Business leaders’ confidence in the digital skills of new hires has increased in the past six months, according to Deloitte's Digital Disruption Index.
Now 18% of digital leaders believe that school leavers and graduates are entering work with the right digital skills and experience, up from 12% six months earlier.
The research, which surveyed 158 digital leaders from FTSE-listed companies, large private companies and large UK public sector organisations, also found that digital leaders’ confidence in their own digital skills has improved. Now 60% of executives are confident in their own digital skills and ability to lead in the digital economy, up from 45% who said the same six months earlier.
Those who were more confident in their own skills were also found to be more likely to take responsibility for learning additional digital skills, including through reading non-traditional media and attending their organisation’s internal learning programmes.
When asked about their colleagues, a quarter of respondents (25%) said that their current workforce has sufficient knowledge and expertise to execute their organisation’s digital strategy, an increase from 16% in Spring 2018.
However, despite the perception of skills among new and current workers improving, more needs to be done to keep up with the pace of new technologies, Deloitte stated. While three-quarters (75%) of digital leaders reported that AI, robotics and the Internet of Things are fundamentally changing their organisation, almost two-thirds (65%) felt that their organisation’s learning and development does not support the current digital strategy.
Previous research from Deloitte highlighted that the majority of UK workers think their employer is primarily responsibility for the development of workplace skills.
Richard Coombes, leader of the UK HR transformation practice at Deloitte, said that it’s important to keep up to date with digital skills as business demands are constantly changing.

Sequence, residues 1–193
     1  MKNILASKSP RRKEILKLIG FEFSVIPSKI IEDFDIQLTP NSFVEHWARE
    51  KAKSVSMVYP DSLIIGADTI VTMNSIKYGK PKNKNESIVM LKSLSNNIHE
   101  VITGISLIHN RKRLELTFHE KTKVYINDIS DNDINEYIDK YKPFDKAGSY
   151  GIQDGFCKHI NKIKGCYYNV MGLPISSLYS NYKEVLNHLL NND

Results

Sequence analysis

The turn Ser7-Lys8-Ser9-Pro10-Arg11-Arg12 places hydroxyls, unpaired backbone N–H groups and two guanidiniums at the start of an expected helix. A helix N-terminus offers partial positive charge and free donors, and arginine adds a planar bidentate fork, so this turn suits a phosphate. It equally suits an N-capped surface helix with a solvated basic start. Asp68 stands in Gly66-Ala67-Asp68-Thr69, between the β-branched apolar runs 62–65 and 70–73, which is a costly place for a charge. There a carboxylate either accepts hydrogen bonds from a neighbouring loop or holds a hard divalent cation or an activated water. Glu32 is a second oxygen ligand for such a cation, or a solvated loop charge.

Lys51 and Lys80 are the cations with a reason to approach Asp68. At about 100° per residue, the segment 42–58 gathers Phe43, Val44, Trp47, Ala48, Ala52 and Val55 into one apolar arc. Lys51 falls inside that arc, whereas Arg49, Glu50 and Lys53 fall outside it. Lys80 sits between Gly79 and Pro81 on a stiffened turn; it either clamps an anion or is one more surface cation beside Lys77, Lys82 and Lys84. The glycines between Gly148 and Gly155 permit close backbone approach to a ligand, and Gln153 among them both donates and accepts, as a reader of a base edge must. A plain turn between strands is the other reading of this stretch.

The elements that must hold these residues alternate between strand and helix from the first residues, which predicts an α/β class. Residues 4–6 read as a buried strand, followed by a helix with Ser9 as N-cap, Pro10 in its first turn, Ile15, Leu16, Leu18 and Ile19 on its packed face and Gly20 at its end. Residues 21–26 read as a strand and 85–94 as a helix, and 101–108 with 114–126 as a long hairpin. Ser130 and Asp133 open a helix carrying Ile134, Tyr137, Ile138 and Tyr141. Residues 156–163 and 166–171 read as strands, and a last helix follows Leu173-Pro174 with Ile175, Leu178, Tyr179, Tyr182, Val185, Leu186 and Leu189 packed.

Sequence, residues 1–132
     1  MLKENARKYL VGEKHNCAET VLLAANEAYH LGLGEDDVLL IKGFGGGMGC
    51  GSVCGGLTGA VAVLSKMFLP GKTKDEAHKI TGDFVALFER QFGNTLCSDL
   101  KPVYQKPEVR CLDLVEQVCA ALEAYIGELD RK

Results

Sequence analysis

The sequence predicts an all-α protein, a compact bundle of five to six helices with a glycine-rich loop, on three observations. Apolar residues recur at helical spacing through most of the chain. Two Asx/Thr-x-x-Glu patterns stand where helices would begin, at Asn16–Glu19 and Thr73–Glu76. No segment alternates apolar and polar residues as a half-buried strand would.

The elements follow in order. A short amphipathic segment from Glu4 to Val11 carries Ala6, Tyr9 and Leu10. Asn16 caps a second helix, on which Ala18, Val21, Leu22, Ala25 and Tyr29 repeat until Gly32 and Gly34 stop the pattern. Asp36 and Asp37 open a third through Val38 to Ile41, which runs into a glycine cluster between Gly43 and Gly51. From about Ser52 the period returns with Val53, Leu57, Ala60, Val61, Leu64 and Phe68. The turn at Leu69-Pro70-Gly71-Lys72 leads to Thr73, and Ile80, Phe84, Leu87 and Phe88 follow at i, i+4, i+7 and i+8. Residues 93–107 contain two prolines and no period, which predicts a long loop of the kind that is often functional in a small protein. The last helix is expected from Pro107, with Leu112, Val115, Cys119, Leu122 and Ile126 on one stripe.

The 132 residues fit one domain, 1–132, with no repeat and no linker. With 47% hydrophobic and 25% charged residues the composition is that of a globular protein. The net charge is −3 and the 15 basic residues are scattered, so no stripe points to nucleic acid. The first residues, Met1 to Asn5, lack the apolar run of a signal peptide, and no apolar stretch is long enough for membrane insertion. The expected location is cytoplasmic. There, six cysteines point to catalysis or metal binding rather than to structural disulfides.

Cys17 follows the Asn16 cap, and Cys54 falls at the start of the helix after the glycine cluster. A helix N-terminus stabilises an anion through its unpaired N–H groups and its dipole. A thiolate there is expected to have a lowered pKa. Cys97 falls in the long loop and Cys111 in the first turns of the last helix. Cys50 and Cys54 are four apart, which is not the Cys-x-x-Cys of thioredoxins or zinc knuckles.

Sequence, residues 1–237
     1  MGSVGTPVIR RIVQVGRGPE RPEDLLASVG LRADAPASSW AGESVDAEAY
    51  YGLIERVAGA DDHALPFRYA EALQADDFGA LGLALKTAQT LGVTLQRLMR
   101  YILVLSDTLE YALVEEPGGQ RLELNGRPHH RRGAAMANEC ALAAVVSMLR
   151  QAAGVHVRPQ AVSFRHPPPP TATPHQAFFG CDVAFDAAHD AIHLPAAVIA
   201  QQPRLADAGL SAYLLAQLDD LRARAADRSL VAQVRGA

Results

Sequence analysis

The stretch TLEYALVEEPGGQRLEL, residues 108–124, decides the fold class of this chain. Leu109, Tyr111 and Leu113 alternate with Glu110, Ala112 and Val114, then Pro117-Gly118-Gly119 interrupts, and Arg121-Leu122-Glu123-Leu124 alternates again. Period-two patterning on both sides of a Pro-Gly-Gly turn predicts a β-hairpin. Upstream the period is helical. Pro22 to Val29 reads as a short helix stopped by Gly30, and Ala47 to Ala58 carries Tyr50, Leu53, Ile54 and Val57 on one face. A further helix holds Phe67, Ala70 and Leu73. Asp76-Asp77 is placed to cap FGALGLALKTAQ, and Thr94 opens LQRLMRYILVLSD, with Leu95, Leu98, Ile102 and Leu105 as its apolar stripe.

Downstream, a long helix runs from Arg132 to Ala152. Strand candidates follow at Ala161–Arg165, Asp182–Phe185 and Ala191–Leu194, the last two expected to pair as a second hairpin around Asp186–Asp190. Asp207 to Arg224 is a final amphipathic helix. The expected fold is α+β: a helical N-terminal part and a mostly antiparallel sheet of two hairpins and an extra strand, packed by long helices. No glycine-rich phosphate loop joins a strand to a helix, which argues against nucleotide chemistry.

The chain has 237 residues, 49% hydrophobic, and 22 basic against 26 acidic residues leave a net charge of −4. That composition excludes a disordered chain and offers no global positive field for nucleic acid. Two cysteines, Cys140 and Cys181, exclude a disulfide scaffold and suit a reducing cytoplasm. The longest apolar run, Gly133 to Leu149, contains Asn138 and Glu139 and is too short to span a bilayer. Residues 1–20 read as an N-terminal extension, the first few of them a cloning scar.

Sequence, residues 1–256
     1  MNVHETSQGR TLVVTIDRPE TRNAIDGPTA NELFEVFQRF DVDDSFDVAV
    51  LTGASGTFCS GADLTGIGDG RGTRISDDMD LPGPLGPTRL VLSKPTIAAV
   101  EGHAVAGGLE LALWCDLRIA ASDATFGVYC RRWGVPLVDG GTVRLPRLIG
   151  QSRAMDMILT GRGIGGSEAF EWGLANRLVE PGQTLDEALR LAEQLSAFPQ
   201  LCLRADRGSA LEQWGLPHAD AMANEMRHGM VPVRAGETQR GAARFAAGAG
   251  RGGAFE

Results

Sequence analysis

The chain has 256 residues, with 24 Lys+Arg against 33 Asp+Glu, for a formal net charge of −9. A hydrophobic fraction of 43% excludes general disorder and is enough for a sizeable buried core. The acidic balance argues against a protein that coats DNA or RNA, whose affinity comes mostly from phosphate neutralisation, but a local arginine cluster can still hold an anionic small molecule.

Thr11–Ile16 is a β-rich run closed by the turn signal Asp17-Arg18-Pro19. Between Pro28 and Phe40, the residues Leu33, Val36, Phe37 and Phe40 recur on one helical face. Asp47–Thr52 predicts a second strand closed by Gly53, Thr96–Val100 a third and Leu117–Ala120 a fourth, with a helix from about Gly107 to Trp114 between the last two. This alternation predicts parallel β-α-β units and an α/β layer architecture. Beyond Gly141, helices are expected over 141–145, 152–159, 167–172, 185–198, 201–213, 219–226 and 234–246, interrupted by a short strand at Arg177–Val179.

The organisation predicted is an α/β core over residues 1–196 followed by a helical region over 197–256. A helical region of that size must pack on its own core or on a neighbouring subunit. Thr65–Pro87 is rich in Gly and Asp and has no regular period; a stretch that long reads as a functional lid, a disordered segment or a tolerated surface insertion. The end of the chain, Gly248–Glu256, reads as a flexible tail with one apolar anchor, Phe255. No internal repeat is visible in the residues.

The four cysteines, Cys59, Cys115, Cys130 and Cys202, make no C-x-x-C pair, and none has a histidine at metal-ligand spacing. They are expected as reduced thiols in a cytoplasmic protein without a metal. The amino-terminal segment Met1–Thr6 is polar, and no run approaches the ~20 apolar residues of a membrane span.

“Digital skills are not a static set of skills. We live in a world where the half-life of a technical skill is two-and–a-half years at most. On that basis it should not be a surprise that people are coming out of education with skills that are already not relevant to the way we work,” he said.
“As such, the importance of lifelong learning and reinvention is crucial for every individual. Meanwhile, for every business, having a learning and development programme that supports the overall digital strategy will be key.”
The report also found that the majority of businesses using AI do not have a strategy to ensure it is used ethically, with just 42% of leaders saying they have a policy in place to ensure the safe and ethical deployment of AI and data-driven technologies.
This is despite 44% of executives already having invested in AI, and a further 37% expecting to invest in the technology over the next two years.
Matthew Howard, director of artificial intelligence at Deloitte, said that organisational values should inform the responsible use of AI. “While humans continue to write code there is an inevitable risk that their biases will shape algorithms and the decisions made by a machine. However, a policy is not always necessary to ensure AI is properly governed,” he said.
“AI decision-making should be assessed in the same way as human decision-making and in most cases an organisation’s existing ethics policy and procedure should be sufficient. In all instances an organisation’s values should inform how and why AI is used just as those values are used to inform any other business decision.”